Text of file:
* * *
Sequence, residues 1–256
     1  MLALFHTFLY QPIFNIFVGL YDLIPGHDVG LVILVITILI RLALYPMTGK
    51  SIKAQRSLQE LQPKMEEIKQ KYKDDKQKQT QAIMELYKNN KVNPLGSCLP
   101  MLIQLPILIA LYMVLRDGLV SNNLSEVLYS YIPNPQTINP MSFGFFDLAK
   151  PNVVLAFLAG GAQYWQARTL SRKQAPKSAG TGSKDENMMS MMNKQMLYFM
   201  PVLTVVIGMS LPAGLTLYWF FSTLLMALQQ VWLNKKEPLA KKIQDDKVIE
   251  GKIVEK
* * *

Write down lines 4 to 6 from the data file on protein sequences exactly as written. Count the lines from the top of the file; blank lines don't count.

   101  MLIQLPILIA LYMVLRDGLV SNNLSEVLYS YIPNPQTINP MSFGFFDLAK
   151  PNVVLAFLAG GAQYWQARTL SRKQAPKSAG TGSKDENMMS MMNKQMLYFM
   201  PVLTVVIGMS LPAGLTLYWF FSTLLMALQQ VWLNKKEPLA KKIQDDKVIE